Is the ‘office’ next on Gen Z’s hit list?
Relaaax, not the Dunder Mifflin Paper Company.
We’re talking about the office that we used to frequent so often before the COVID-19 pandemic forced us to work remotely.
There were some desks, mildly uncomfortable chairs, a printer that always jammed, an unofficial gossip station (aka coffee machine), probably some harsh fluorescent lighting, and – if you were super lucky – some free fruit?
Well, early indications suggest Gen Zs – who’ll eventually comprise a dominant portion of the world’s workforce – are rejecting traditional office culture in favour of a more flexible, hybrid workplace post-pandemic.
Atlassian has already gone all-in on work from home (WFH) with its ‘Team anywhere’ policy.
The project management software giant’s 5,700 employees worldwide can work anywhere the company has a corporate entity and the employee has a legal right to work.
Staff only need to head into the office four times a year.
Atlassian’s co-founder Scott Farquahar has himself only headed into the office three times in the past twelve months.
“We’ve built a great company, tapping into a global talent base and so the idea of ‘Team Anywhere’ is that talent still exists anywhere it just doesn’t happen to need to exist within 50 kilometres of an existing office,” he says.
The policy is remarkably lenient, but not all prominent tech companies are on board.
Elon Musk is one of them.
In an email leaked on Twitter, Musk informed Tesla staff that remote working is no longer acceptable and they must return to the office full time, and those who didn’t “should pretend to work somewhere else”.
Meanwhile, Google, Amazon and Netflix have also expressed their desire for employees to return to the office.
Here’s the thing – while Gen Zs as digital natives adapted easily to remote work during pandemic lockdowns and desire a more flexible working environment, those at the beginning of their careers aren’t actually keen to work from home full-time.
As Ashley Stahl cited in Forbes, Gen Z’s concerns about working remotely not being fulfilling or the kind of work experience they’re looking for with three main areas of concern: isolation, decreased motivation, and disorientating work-life balance.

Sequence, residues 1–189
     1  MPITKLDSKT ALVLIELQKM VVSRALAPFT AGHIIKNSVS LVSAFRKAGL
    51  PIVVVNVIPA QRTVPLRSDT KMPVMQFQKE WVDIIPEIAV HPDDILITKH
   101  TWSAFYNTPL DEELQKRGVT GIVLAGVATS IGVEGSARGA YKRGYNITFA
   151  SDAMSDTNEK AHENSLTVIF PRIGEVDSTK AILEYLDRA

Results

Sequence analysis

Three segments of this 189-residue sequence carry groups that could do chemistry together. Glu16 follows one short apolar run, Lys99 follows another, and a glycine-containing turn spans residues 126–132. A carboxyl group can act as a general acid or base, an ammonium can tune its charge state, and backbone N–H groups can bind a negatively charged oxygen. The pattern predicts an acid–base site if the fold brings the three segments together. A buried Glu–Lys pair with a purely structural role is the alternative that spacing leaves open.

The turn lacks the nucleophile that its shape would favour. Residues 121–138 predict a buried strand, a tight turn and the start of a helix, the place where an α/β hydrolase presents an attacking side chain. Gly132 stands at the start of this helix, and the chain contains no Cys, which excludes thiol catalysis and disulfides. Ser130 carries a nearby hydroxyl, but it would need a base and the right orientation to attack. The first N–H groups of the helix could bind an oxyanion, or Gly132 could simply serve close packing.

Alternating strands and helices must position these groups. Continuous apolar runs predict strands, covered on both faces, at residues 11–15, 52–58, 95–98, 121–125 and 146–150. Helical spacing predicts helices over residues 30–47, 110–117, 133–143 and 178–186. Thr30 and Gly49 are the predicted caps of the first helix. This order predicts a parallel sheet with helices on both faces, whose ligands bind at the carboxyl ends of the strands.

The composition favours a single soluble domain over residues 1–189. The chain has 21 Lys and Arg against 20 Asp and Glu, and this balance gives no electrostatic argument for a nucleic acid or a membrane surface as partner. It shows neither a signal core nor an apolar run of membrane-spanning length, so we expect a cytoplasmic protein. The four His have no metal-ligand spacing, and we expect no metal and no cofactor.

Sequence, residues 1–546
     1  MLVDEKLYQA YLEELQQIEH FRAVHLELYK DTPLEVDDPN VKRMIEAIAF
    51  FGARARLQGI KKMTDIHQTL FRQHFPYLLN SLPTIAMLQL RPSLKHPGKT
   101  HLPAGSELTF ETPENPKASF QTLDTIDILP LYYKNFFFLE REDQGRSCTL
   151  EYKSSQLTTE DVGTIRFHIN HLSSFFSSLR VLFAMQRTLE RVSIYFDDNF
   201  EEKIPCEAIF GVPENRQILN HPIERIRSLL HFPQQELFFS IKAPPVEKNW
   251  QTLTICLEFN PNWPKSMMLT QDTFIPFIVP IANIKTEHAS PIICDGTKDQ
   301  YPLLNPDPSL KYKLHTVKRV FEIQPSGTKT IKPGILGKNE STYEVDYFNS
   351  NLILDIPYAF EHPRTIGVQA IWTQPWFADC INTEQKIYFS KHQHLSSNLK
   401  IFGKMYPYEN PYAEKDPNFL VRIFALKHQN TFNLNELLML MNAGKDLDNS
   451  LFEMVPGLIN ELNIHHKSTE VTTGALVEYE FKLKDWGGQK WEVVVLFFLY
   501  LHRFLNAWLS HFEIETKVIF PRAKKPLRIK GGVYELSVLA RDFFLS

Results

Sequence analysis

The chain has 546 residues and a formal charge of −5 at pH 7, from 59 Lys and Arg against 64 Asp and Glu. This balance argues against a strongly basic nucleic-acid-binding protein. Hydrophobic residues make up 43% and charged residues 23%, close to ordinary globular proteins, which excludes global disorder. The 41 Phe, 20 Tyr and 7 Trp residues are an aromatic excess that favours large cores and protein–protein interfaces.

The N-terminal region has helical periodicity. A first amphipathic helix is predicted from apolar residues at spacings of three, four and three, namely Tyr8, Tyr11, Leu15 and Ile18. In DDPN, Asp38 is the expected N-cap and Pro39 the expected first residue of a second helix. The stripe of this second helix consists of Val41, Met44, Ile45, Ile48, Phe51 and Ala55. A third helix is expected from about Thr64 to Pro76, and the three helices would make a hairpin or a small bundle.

Not being able to learn from more experienced workmates is also an issue.
“Moreover, research indicates that the lack of in-person connection can translate into less promotions and rising in the ranks for those who aren’t having face-to-face time with their boss,” Stahl said.
Speaking to Mumbrella, CEO of digital experience agency Huge, Mat Baxter, said he’s adopting a fully-flexible model and closing all the agency’s global offices besides one in New York which will be repurposed as a “global experience centre” for more fun, culture-building activities rather than straight desk work.
“The office experience is a really flat and boring experience for employees,” he said.
“You come together, you plonk yourself down in a spot and you spend most of the day on your computer and you might see people in passing when you’re at the elevators or when you have your lunch, but it’s not exactly a dynamic and exciting experience for employees.”
Instead he said they would remove the constraint of coming to a physical location to work to instead focus on creating bonding and culture-building experiences.
“The office was born from a time where the company needed you to come into the office and your boss needed to look over your shoulder and make sure you were working, and you turn up on time, and if you arrived at 9:05 instead of 9:00, you were late,” he said.
“That’s a problem. Like it was a very command-and-control construct, and a construct that quite frankly messages to employees that the company doesn’t trust you enough.
“But I think if you get the right quality of talent, then all of those issues, you just talked about melt into the background, they become irrelevant because really good people are diligent and I just think that companies need to message trust and respect because the workforce today, particularly younger people will not tolerate and environment that is anything other than that.”
So where to from here for the Gen Z workplace? What would a healthy hybrid model look like?
As always, we suspect balance is key.